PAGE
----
Thursday, February 17, 2011
Winter weather advisory. Winter weather watch. Winter weather warning. Every few hours it worked its way up the storm ladder, till we were under a full blizzard warning, with the road out of town closed due to severe drifts. The zero visibility might have had something to do with it, too.
Jack tried to keep his voice calm, but inside he was jumping for joy as he called in to work and told them he couldn't make it out. The kids would have been jumping for joy, but they were already on vacation. For them, it was a waste of a perfectly good snow day.
When I walked out the door to head to the grocery store, and of course to take a few photos while I was at it, the tiny grains of ice the wind hurled at me stung my face and eyes. It was a struggle to get to the car without blundering into the deep drifts crossing the driveway, especially with my eyes closed.
First things first. I wanted to get a photo of the road closure signs. It only took a few moments to realize that wherever the signs were, I wouldn't make it that far. Carefully and slowly, I picked my way along to the sharp left turn just past the last house at the edge of town. As I opened the door to get out, the wind ripped it out of my hands and wouldn't let go.
Hastily snapping a few shots of the nervous horses a few feet to one side, and the nearly obscured telephone pole on the other, I leaped back in the car. Pulling, tugging, and grunting, I finally got the door to shut. Barely.
Upon hearing a description of the brutal storm, Mom asked me to take her out for a spin and show her, too. Always happy to oblige, I swung by and picked her up, preparing to drive around that little loop again.
The best laid plans of mice and ladies....just before I got to the left hand turn by the horse barn, my windshield fogged up. With visibility of only a few feet, I didn't dare stop, even though I couldn't see. There were a few hasty moments of scrambling around to turn on the defroster, roll down my window, and stick my head out so I could at least see the yellow center line.
Once I could see the line, I could also see that I had just passed up my turn, and was headed out in a Very Bad Direction. We should have at least come to the roadblock by that time, but it was nowhere to be found. Finally, right by the big radio tower, we found a space with about 50 feet of visibility, doubtless due to some obstruction a short distance north of the road. It wasn't ideal, by any standard, but offered the only place to turn around for a mile or so.
About 3/4 of the way through my 9-point turnaround, Mom suddenly began emitting a
high-pitched squealing. At least I assume it was Mom, since it wasn't me, and Flipper seldom visits so far north. Someone in a pickup, who should NOT have been out on the road either but didn't have any fine excuse such as missing his turnoff, was headed straight for her.
In that cute little clear bubble on the road, he was able to see us in time to stop, then followed us back into town. Doubtless he and I were both muttering in unison, "They shouldn't've been out here anyway...what kind of idiot goes out on the road like this in a blizzard???"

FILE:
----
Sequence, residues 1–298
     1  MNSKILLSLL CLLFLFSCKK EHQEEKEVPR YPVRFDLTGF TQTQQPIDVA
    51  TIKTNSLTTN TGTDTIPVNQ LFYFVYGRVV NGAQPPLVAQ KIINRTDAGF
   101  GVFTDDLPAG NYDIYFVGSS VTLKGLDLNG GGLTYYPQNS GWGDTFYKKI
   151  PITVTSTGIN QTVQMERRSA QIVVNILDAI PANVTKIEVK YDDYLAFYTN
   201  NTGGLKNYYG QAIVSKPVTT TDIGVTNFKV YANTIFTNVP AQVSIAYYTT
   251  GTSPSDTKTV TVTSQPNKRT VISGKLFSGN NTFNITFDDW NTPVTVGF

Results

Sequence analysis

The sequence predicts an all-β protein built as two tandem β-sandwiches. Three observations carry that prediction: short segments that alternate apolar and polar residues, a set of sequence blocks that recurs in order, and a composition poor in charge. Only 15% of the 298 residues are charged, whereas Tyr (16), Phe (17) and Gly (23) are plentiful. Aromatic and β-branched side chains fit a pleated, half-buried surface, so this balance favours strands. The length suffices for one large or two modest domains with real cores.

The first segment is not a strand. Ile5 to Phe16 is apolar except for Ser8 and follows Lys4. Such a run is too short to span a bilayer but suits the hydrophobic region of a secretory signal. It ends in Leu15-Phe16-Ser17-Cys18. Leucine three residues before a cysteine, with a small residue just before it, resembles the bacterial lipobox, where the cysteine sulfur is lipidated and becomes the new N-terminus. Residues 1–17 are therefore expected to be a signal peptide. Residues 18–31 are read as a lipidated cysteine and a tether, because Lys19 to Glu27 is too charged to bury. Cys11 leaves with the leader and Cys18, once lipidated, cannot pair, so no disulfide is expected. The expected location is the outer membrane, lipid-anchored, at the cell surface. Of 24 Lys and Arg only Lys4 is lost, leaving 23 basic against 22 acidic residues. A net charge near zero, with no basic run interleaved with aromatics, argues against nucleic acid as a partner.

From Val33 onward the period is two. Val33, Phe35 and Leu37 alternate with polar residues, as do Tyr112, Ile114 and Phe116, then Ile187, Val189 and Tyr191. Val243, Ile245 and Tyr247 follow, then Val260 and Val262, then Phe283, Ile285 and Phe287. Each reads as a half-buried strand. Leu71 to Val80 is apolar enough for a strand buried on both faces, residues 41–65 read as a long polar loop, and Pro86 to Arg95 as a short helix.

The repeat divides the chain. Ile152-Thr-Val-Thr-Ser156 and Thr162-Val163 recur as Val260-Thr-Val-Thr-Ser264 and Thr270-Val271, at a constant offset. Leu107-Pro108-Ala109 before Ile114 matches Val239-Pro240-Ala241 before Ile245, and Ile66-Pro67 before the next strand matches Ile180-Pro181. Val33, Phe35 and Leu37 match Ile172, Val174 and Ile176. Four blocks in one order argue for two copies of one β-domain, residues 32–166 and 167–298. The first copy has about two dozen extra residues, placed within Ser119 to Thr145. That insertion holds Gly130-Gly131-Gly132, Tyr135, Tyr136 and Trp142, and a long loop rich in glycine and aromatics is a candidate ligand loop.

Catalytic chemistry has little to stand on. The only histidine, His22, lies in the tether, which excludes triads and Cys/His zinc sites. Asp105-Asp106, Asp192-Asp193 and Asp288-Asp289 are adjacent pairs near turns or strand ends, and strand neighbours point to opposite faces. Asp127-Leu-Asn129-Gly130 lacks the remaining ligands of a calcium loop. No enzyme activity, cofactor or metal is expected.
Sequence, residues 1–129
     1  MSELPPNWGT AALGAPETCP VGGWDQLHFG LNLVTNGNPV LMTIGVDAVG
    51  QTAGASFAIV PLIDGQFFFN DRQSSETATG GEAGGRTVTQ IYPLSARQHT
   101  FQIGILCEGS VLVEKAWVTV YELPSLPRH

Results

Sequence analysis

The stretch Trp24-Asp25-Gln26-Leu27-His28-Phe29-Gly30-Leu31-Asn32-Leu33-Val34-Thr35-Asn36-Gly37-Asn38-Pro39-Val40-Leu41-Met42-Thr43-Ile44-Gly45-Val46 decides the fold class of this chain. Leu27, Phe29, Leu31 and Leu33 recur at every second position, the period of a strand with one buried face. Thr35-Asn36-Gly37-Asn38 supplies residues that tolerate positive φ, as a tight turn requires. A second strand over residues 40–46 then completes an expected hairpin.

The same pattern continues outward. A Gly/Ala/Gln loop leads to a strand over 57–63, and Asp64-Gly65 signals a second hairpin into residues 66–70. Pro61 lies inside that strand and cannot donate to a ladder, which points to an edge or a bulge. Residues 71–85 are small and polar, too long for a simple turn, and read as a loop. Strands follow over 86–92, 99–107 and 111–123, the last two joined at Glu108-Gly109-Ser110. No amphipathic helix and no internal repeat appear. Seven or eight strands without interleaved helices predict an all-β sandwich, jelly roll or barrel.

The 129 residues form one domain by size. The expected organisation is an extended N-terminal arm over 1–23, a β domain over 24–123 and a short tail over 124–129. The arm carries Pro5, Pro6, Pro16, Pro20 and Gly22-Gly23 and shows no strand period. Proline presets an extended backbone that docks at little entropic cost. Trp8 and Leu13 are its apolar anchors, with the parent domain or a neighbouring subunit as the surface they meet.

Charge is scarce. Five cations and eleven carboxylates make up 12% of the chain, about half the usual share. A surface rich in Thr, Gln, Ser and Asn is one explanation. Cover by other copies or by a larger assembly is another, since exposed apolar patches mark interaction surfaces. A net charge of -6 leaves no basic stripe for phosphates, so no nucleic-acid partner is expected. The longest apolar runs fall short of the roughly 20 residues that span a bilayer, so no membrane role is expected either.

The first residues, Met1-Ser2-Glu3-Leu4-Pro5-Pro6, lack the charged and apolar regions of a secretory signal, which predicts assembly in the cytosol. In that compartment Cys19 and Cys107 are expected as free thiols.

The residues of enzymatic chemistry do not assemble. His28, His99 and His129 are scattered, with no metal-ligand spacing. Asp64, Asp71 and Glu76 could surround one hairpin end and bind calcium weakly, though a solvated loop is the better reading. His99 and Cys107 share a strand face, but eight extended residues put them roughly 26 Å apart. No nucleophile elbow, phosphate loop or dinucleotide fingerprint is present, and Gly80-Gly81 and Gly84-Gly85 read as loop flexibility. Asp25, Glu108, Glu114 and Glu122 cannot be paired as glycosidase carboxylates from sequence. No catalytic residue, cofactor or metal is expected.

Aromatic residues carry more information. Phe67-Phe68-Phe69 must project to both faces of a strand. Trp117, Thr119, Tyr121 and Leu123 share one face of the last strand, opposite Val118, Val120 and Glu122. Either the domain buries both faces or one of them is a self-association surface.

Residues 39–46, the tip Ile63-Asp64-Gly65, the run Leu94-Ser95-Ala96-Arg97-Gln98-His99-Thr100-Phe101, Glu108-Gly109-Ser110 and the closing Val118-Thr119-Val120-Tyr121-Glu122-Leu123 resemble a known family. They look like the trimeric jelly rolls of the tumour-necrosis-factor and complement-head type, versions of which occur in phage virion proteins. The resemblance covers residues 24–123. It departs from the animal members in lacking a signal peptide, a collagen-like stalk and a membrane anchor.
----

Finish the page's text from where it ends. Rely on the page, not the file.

The next morning, the sun rose warmly, the winds had vanished, the roads opened, and all that remained of the great blizzard were deep snowdrifts in some pretty inconvenient places. It gave us a little taste of what the pioneers must have been through back in the olden days, where you could get lost between the house and the barn, if you hadn't strung up a clothesline to hold onto. Even in 1931, the Towner Bus Tragedy cost 5 children and the bus driver their lives when the bus slid into a ditch.
Back in January of 1888, the Schoolchildren's Blizzard in Nebraska and South Dakota killed 235 people, many of them school children. The weather had been unseasonably warm, from 20-40F. Children went to school, adults went to town for supplies and to run errands, and none of them were prepared for the sudden subzero blizzard. One teacher in Nebraska was trapped in the schoolhouse with three students. By midafternoon they ran out of fuel to keep warm, and so they at last tried to reach the boardinghouse only a little more than 200 feet away. They became lost, the children all froze to death, and the teacher lost her feet.
In March of the same year, another blizzard struck the eastern seaboard. The Great Blizzard of 1888, also sometimes referred to as the Great White Hurricane, killed over 400 people. Around half of the dead were from New York City. Some aftereffects of the storm were the underground transit system, and utility companies began burying many of their lines to protect them against future storms. That blizzard, too, had been preceded by unseasonably warm weather, which had lulled the populace into a false sense of security.
How thankful we should all be for the warnings we receive. It's so easy to take them for granted, but there was a time not so long ago that we would have had no way to know what was coming for us. We are so privileged to have all this knowledge right there at our fingertips.
Until the next adventure,